A contested divorce happens when either party does not agree to the divorce or the terms and conditions of the divorce. In an uncontested divorce, the spouses can agree on all divorce-related matters. You can file a “no-fault” or “fault” divorce, regardless of whether you and your spouse decide to pursue a contested or uncontested divorce.
In Massachusetts, there are seven grounds or reasons one spouse would blame the other, including adultery, impotency and substance or domestic abuse. When a spouse files a fault-based divorce, they must prove the grounds. Therefore, most people would instead file a no-fault divorce.
How does a no-fault divorce work in Massachusetts?
If you file a no-fault divorce, that will mean your marriage is beyond repair and irretrievably broken. Neither of you holds the other accountable for the divorce. There are two ways to approach a no-fault divorce in Massachusetts:
- Filing a 1A divorce: A 1A divorce is basically an uncontested no-fault divorce. You and your spouse agree to the divorce and the terms of the divorce.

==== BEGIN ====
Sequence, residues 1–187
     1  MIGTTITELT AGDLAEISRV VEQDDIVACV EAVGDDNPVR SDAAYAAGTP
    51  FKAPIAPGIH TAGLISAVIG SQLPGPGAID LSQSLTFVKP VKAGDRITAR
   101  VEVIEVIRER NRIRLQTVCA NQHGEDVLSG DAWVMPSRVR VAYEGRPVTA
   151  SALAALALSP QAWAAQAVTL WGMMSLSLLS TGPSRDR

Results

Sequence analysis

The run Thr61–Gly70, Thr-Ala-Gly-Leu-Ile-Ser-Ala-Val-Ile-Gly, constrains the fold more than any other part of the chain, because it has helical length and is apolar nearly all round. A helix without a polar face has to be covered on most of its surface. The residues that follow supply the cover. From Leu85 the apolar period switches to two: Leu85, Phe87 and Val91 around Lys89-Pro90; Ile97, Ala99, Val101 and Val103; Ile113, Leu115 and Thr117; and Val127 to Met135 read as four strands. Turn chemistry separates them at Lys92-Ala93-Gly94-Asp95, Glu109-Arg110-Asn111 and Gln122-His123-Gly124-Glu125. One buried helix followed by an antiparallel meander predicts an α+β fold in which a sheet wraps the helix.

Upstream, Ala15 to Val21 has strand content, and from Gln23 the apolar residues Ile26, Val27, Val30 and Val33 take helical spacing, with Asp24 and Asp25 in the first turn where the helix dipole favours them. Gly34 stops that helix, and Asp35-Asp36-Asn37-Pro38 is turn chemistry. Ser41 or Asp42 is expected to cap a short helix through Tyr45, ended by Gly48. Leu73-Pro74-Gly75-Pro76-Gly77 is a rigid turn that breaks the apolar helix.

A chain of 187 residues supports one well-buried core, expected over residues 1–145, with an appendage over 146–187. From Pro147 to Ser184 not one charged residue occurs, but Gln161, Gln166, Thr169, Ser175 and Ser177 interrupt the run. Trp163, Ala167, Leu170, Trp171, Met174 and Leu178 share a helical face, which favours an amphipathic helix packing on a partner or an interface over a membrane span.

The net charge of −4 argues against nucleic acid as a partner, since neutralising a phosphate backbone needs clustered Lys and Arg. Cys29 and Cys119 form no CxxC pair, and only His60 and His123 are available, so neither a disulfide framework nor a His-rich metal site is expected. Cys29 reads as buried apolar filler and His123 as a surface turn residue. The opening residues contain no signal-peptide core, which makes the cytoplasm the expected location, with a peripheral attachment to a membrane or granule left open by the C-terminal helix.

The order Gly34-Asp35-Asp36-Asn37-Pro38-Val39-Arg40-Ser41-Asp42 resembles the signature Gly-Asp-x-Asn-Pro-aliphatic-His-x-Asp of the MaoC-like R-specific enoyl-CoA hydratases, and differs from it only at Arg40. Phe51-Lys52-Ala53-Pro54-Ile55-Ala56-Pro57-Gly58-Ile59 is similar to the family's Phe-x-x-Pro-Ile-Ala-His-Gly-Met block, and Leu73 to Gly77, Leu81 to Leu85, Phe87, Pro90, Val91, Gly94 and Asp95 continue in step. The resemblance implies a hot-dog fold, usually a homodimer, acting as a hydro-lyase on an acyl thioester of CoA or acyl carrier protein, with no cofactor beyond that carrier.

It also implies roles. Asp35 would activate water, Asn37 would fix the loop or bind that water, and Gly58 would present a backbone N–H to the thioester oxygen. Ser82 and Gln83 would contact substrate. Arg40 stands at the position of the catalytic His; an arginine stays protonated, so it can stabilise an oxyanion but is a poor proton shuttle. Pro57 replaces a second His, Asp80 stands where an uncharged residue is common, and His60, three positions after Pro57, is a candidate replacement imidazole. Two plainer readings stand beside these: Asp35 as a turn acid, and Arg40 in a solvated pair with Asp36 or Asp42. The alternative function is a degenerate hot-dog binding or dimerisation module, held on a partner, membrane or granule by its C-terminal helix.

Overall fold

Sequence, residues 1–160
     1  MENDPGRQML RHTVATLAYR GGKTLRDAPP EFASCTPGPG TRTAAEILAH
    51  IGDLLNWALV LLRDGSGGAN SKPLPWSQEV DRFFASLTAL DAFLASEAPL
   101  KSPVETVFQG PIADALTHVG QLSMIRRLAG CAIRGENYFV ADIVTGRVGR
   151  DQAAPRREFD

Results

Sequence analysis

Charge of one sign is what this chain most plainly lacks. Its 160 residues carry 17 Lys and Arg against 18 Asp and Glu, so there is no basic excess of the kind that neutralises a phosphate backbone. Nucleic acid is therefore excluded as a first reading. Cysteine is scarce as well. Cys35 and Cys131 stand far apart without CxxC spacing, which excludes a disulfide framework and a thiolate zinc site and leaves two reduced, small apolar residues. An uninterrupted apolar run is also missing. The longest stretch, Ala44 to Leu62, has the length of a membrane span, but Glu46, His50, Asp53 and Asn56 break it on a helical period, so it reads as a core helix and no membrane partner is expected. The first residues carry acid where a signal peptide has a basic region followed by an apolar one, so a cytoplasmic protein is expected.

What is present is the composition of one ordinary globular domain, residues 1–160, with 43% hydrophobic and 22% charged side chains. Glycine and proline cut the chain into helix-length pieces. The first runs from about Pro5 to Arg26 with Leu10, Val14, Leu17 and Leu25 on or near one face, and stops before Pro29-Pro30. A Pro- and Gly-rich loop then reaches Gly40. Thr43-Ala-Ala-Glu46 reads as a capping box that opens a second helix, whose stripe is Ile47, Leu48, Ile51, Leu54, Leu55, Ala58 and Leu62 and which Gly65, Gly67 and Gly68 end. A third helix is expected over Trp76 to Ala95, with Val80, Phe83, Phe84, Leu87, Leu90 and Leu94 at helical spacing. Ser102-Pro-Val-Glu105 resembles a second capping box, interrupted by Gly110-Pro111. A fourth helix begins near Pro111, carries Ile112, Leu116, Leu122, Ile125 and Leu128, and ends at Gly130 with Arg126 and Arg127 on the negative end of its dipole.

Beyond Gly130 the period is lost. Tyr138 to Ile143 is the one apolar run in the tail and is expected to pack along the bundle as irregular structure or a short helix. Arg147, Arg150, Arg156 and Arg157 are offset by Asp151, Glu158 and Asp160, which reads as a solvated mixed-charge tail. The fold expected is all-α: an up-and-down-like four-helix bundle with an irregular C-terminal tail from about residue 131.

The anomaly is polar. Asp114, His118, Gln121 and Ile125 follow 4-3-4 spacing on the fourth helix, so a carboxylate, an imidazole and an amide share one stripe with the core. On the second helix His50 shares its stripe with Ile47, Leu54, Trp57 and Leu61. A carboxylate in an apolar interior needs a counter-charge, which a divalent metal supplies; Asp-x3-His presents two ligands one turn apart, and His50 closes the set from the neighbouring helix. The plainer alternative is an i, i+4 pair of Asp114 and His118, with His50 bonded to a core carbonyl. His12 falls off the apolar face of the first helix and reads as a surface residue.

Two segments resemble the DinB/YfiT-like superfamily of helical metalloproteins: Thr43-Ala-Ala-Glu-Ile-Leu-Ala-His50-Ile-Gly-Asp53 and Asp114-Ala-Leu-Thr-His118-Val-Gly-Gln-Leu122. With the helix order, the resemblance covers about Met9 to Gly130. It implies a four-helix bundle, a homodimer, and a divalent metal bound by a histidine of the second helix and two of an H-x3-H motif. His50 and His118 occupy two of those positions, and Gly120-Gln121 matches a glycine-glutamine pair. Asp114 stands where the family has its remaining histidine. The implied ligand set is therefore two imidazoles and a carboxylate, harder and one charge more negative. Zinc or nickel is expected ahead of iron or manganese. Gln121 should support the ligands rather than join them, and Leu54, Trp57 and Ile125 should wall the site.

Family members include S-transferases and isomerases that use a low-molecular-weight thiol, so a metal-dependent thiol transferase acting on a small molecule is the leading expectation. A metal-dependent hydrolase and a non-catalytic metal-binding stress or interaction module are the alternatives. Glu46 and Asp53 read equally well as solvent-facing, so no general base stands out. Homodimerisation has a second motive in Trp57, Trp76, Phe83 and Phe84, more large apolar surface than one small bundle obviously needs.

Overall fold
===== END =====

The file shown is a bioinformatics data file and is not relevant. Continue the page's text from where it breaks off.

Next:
- Filing a 1B divorce: Conversely, a 1B divorce is a contested no-fault divorce. Yes, you both want the marriage to end, but you cannot agree on the terms of your separation.
If you and your spouse cannot reach a divorce settlement agreement, you will need to use alternative dispute resolution methods to address your disputes. Otherwise, litigation may be necessary.
What are the terms and conditions involved in a divorce?
While every divorce differs from the next, all may have a common denominator: the division of marital property. The spouses must be amenable to how they will divide all the property they acquired within the duration of the marriage, even their marital home. Other divorce issues arise when child custody, child support and alimony enter the picture. Your divorce will go much smoother if you can peacefully collaborate with your ex and negotiate on these matters.